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The War between Antibiotics and Antibiotic Resistant Bacteria - What's Next

Posted By Regan Zambri Long, PLLC || 3-Nov-2017

Between the overuse of existing antibiotics and the slow development of new ones, the prevalence of infections due to antibiotic resistant bacteria continues to be a significant problem. In fact, the CDC estimates that these bacteria infect about 2 million people each year, killing at least 23,000 people annually.

That said, signs of hope are beginning to emerge, and as awareness increases, hopefully these numbers will begin dropping within a few years. Let’s look at a few encouraging developments in this medical crisis.

Reducing Unnecessary Prescriptions

The CDC and the American College of Physicians have begun urging doctors to become more judicious in prescribing antibiotics for their patients, especially when the symptoms are caused by cold or flu (antibiotics don’t work on virus-related infections and so are unnecessary). Some doctors and hospitals are starting to take heed.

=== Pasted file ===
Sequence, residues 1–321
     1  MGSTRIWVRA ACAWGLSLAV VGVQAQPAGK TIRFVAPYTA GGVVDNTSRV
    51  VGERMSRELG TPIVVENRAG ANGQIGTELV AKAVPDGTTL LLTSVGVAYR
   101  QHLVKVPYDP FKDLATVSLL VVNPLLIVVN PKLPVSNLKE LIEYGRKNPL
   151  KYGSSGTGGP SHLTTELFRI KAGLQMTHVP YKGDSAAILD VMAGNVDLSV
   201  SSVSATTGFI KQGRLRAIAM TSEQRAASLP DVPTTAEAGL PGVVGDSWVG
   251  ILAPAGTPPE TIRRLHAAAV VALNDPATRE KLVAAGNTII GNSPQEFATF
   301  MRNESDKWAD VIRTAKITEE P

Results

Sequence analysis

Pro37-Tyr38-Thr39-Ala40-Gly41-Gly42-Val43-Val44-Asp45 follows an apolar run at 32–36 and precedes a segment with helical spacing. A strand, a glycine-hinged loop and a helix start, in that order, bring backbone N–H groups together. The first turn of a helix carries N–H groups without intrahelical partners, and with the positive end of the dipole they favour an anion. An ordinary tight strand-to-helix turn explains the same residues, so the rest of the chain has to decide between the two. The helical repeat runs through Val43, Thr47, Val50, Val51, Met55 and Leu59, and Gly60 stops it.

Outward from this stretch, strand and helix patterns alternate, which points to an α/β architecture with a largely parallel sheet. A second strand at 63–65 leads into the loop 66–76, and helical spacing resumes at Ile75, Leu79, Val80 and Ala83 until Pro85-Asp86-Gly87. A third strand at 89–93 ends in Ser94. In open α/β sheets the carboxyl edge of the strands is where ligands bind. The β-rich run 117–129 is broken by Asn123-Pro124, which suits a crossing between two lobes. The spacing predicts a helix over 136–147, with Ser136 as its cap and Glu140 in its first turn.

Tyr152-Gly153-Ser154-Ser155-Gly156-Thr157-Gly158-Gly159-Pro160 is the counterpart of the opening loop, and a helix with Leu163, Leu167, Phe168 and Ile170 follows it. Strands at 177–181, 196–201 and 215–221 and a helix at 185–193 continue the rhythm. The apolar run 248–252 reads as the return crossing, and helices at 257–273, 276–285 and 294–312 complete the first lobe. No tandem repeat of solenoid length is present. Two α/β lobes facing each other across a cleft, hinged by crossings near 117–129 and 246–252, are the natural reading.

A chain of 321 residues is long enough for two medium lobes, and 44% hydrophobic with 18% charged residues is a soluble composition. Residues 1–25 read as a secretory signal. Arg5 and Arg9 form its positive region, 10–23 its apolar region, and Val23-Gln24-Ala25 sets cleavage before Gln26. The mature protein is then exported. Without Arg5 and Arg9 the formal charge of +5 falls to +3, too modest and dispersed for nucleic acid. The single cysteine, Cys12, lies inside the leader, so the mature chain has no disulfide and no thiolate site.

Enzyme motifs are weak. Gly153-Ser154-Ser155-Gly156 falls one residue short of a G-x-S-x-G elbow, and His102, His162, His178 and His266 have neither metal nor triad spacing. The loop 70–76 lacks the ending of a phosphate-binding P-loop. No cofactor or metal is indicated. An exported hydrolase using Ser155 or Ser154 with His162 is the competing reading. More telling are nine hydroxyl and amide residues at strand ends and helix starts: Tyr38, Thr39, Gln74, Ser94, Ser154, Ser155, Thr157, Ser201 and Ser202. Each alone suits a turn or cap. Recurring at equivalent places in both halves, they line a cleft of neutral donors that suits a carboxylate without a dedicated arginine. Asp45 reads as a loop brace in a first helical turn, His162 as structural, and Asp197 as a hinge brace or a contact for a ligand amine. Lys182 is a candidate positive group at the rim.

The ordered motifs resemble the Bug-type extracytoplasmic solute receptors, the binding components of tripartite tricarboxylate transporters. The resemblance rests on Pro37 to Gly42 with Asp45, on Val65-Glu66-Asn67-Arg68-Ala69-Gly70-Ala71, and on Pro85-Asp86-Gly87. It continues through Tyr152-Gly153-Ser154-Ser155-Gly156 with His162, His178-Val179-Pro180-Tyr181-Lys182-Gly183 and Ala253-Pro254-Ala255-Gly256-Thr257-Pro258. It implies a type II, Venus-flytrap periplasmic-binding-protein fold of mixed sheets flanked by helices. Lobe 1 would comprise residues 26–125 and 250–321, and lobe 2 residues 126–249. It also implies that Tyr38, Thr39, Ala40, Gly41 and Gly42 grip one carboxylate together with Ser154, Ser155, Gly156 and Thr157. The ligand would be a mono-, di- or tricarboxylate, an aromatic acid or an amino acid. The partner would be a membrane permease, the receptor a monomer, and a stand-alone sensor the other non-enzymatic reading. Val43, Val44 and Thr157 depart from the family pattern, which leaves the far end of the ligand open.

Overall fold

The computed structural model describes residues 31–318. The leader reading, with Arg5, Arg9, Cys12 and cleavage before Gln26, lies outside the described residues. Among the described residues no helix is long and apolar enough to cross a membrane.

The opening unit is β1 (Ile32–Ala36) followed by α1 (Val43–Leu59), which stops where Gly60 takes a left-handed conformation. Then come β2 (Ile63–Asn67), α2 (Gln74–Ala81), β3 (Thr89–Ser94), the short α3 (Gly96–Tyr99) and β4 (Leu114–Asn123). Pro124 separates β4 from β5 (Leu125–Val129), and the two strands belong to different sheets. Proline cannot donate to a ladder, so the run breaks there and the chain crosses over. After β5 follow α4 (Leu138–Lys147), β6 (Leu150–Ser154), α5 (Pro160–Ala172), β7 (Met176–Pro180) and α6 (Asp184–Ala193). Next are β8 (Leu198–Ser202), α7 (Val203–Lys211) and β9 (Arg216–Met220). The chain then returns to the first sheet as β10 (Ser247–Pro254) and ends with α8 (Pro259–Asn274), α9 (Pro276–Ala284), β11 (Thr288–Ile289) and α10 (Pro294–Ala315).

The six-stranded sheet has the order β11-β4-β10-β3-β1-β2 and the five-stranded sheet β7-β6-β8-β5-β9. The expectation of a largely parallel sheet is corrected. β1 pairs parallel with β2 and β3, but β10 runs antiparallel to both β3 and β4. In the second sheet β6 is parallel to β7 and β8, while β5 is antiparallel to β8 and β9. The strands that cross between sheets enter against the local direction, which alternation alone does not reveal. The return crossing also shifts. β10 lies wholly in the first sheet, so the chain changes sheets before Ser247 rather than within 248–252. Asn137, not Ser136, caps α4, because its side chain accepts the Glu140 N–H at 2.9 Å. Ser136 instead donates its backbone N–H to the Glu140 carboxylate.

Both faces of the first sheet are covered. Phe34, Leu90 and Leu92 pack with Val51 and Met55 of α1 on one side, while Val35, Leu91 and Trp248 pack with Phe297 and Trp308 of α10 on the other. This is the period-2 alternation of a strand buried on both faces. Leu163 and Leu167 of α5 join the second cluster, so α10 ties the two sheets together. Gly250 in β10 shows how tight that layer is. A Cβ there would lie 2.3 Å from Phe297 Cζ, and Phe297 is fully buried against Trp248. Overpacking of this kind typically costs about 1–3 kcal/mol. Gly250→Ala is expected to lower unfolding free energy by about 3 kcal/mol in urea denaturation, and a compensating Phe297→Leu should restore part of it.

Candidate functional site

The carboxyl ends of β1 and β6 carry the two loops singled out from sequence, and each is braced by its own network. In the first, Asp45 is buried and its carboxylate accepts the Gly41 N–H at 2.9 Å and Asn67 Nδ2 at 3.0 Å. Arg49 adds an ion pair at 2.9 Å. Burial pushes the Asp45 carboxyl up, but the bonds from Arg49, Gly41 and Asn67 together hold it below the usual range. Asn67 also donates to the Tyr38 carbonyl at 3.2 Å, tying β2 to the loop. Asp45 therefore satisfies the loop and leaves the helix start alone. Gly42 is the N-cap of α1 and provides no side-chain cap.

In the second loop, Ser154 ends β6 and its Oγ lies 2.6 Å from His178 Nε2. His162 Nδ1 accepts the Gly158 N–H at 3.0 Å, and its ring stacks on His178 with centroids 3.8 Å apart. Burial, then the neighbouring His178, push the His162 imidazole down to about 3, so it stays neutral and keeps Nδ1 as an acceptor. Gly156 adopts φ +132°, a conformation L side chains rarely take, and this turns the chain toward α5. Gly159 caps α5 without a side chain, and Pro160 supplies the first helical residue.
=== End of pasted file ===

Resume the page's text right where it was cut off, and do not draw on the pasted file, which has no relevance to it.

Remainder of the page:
(Slow) Development of New Antibiotics

Unfortunately, many larger pharmaceutical companies are still reluctant to develop new antibiotics to combat the resistant bacteria, possibly for economic reasons. However, a few companies are bucking this trend by working on the development of new products. Eventually these new antibiotics should help alleviate the spread of some superbugs.

Alternative Treatments

Some scientists at the Emory Antibiotic Resistance Center (ARC) are looking at alternate ways to combat resistant bacteria in tandem with antibiotics—for example, using chemical inhibitors to block the bug’s resistance to drugs like penicillin. They are also taking a cue from the traditional/folk medicine playbook, exploring plant-based natural remedies to find substances that are naturally bacteria-resistant.

If you’re fighting a resistant infection due to possible medical negligence or error, our Washington D.C. medical malpractice attorneys may be able to help. Call our office to learn more.

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